Wednesday’s ominous dark orange skies came literally on the 10-year anniversary of the San Bruno explosion, a sort of horrible reminder of PG&E’s staying power.
The disorienting dark orange skies all day Wednesday threw off everyone’s sense of time, and of course, every day blurs together indistinctly as we approach the six-month mark of shelter-in-place. So it did escape our notice at the time, but it is a harrowing coincidence, that as KPIX reminds us, the orange-pocalypse of Wednesday also happened to be the 10-year anniversary of the San Bruno pipeline explosion that killed eight people, destroyed 38 homes, and had many of us concluding at the time “Well, this is definitely the end for PG&E.”
For those who did not live in the Bay Area in 2010, the above Youtube KPIX “Chopper 5” news footage shows how at just around 6:30 p.m., September 9, 2010, TV news anchors attempted to describe the huge San Bruno explosion in a sense of confusion themselves, not sure whether there had been a plane crash, a gas station explosion, or a gas pipeline blast. They sift through conflicting evidence from callers and anonymous tips, live on air, as the whole Bay Area glued themselves to televisions at a moment where we all remember exactly where we were and what we were doing.
“All of a sudden the house just shook,” survivor Caroline Gray told KPIX. “The fire came up, somebody said, a thousand feet in the air,” remembers resident Charlie Gray.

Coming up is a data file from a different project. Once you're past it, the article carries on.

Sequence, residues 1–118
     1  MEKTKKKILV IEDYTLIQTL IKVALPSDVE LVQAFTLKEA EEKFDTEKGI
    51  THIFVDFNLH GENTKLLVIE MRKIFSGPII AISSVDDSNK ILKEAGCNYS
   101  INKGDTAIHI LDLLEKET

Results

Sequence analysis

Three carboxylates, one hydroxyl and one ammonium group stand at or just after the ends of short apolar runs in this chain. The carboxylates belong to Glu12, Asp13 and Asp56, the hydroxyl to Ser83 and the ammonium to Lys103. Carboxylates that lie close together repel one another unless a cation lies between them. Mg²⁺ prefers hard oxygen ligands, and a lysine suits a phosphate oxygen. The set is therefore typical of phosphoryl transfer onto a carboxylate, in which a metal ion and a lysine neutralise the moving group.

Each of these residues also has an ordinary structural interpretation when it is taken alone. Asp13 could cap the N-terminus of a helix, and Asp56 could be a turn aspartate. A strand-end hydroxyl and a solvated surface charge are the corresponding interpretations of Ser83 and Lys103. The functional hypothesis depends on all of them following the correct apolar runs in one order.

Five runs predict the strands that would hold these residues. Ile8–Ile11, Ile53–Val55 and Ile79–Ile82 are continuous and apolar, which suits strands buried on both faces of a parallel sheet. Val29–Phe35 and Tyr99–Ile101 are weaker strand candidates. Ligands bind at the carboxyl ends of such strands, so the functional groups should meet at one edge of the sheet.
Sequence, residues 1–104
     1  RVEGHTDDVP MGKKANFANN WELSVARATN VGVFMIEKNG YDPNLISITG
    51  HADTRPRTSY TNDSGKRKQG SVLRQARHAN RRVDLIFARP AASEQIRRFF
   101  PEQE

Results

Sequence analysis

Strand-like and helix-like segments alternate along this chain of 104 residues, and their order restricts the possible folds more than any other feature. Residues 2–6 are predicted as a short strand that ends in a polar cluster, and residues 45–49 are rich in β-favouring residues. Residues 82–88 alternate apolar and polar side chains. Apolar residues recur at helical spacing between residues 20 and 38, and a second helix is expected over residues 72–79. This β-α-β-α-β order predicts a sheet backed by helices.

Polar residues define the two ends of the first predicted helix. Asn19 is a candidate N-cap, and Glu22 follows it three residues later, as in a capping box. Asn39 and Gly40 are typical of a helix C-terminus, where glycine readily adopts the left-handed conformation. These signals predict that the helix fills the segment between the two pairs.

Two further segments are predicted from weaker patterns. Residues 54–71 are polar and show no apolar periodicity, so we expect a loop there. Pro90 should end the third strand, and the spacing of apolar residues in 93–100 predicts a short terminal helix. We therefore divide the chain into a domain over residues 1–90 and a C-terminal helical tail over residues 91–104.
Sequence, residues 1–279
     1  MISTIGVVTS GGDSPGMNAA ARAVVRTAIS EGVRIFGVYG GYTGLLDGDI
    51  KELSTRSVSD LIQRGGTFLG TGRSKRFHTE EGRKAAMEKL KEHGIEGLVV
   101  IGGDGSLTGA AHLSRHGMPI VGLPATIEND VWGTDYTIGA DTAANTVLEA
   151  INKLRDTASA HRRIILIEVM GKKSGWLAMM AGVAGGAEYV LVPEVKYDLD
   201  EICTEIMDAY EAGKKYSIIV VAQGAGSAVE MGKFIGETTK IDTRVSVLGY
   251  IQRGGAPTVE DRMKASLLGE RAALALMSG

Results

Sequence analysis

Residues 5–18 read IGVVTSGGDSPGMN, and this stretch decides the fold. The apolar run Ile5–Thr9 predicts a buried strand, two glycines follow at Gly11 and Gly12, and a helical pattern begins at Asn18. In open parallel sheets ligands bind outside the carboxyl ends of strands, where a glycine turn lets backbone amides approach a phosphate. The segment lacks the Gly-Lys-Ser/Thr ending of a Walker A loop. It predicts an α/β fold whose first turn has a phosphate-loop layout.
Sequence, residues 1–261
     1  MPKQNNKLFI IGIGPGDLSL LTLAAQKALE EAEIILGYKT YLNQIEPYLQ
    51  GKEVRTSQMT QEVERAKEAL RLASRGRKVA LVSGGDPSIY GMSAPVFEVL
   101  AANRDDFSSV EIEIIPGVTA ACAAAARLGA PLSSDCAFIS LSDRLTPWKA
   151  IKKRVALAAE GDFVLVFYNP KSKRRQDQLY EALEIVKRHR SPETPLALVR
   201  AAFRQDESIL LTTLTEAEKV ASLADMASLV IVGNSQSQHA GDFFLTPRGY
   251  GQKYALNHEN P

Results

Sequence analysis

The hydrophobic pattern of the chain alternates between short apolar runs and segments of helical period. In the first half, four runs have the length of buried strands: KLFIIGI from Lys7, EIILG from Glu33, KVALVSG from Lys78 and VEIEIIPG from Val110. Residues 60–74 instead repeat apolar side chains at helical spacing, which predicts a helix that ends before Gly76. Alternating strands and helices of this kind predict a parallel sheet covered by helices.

Within one day, we would learn that the cause was a PG&E gas leak on a major transmission pipe — which residents had already reported, and PG&E had ignored — and the utility would go to its now-familiar pattern of PR damage control and taking years to admit liability, being issued a “record fine” in the billions, but using some fancy lawyering to minimize criminal fines for felonies like manslaughter and obstruction of the investigations.
So yeah, tell me more about how “bad forest management” is causing all these California wildfires.
There is no evidence at the moment that PG&E’s manslaughteringly bad maintenance is responsible for any of the current fires (most of them were observed to be caused by lightning strikes four weeks ago). But looking at the big picture, the utility has been behind fire after fire for now at least a decade. And in what may be a related note, NBC Bay Area points out that the Bay Area-wide Spare the Air alert has now been extended through Friday, marking a record 25 consecutive days the region has been under such an alert.
Related Evergreen Headline: PG&E Just Might Kill Us All [SFist, 2011]
Image: MisterOh via Wikimedia Commons